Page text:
Immigrants Are More Likely to Be Entrepreneurs
I published a research report back in 2006 showing that over 50 percent of Silicon Valley engineering and technology startups were founded by immigrants (as were 25 percent of such startups nationwide), I concluded that immigrants were more likely to be entrepreneurs. Most of the feedback I received was extremely positive. But I also took fire from a few well-known open-immigration policy opponents, including professor Norm Matloff of the University of California at Davis, who said that large existing immigrant populations in tech centers skewed the results of my survey of 2,054 companies.
Matloff has argued, in academic listservs and in a volley of e-mail exchanges with me, that all things being equal, immigrants are no more likely to start businesses than U.S. citizens and permanent residents. He says this is particularly true in Silicon Valley, because immigrants comprise about 50 percent of the population. Therefore, his argument goes, immigrants really only displace entrepreneurs who are U.S. citizens and permanent residents, rather than augment the total number of startups and add real economic value.
But I continued to believe the high immigrant population was reflective of higher-risk appetites required for environments like Silicon Valley, where joining a startup is always a risk. In other words, choosing to start a business is a process of self-selection, not a numbers game that happens because a lot of immigrants happen to live in one area. At a gut level, one would think that immigrating to a new country is risky and therefore new immigrants have a higher risk appetite than U.S.-born folks. Truly conclusive data, however, was difficult to put together due to limitations on sample sizes.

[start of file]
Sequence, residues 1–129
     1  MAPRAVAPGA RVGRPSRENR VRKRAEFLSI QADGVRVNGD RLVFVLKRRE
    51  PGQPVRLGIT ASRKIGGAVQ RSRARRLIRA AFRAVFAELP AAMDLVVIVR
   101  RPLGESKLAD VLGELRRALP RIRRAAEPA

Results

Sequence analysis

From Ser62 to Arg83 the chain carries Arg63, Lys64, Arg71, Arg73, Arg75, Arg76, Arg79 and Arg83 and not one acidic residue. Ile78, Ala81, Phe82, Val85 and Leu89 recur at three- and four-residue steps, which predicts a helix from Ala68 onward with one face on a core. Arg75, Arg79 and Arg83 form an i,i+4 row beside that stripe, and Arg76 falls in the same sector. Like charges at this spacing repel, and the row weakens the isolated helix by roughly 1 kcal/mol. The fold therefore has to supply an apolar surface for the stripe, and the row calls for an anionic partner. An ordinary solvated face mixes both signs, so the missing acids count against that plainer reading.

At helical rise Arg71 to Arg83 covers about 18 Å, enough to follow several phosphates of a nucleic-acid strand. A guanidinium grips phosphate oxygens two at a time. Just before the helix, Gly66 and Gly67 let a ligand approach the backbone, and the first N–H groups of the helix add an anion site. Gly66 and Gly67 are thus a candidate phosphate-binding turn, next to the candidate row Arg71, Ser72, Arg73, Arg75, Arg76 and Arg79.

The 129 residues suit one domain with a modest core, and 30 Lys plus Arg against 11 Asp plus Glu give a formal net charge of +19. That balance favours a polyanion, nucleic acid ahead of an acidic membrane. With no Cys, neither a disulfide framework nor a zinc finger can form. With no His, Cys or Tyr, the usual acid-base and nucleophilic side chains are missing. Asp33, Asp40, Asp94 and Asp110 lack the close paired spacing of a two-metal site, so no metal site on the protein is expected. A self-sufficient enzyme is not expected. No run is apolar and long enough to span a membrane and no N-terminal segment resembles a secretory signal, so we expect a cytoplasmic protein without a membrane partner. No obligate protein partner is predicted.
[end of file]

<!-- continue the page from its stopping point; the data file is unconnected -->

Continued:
Comprehensive SBA Study
Now, a November 2008 study by Robert W. Fairlie, a professor at the University of California at Santa Cruz, gives the strongest evidence to date that critics of open-immigration policies have misjudged the impact of immigrants on the U.S. economy.
Issued under the auspices of the U.S. Small Business Administration, the peer-reviewed study pulled data from three large, nationally representative government data sets, and found that immigrants are almost 30 percent more likely to launch a business than non-immigrants. According to the study, roughly 16.7 percent of all new business owners in this country are immigrants, yet immigrants make up only 12.2 percent of the workforce in the U.S. It also found that immigrant-owned businesses contributed roughly $67 billion to the country's business income, out of a total of $577 billion in 2000. Although this total is slightly below a one-to-one ratio of immigrant population to immigrant-owned business, it is still a very significant chunk of economic activity. And keep in mind, these economic activity findings were from eight years ago, so the total economic activity contribution has likely increased since then.
The data from the study also disprove the commonly held perception that immigrants are most heavily represented in lower-income tiers. According to Fairlie's research, the average annual net business income of an Indian-owned business is $83,000, the highest average of any immigrant group broken out in the research and higher than the average for U.S.-born entrepreneurs by $33,000. Chinese-owned businesses slightly underperformed those of U.S. born-entrepreneurs by $3,000 per year, but businesses of many other immigrant nationalities, including Taiwanese, Canadian, Filipino, and Greek, strongly outperformed the average for U.S.-born businesses.
The Numbers Don't Lie
It's no surprise that the study showed immigrant business owners comprise an even higher percentage of total business owners in some of the most dynamic business locales in the country. In California, over 30% of all businesses are immigrant-owned. In New York, nearly a quarter of all businesses are immigrant-owned. Nor were the immigrant businesses clustered in areas such as high tech or lawn care. Immigrant founders held disproportional shares of a variety of businesses, including media and transportation.
These obvious discrepancies between my critics' assertions and reality could probably be explained away with some logical gymnastics. But the numbers, in this case, simply don't lie. The three data sets used in Fairlie's study are some of the largest that could be accessed for research like this. This research, once and for all, puts an end to debate about the value immigrant entrepreneurs bring to America's economy. The answer is clear now—a whole lot.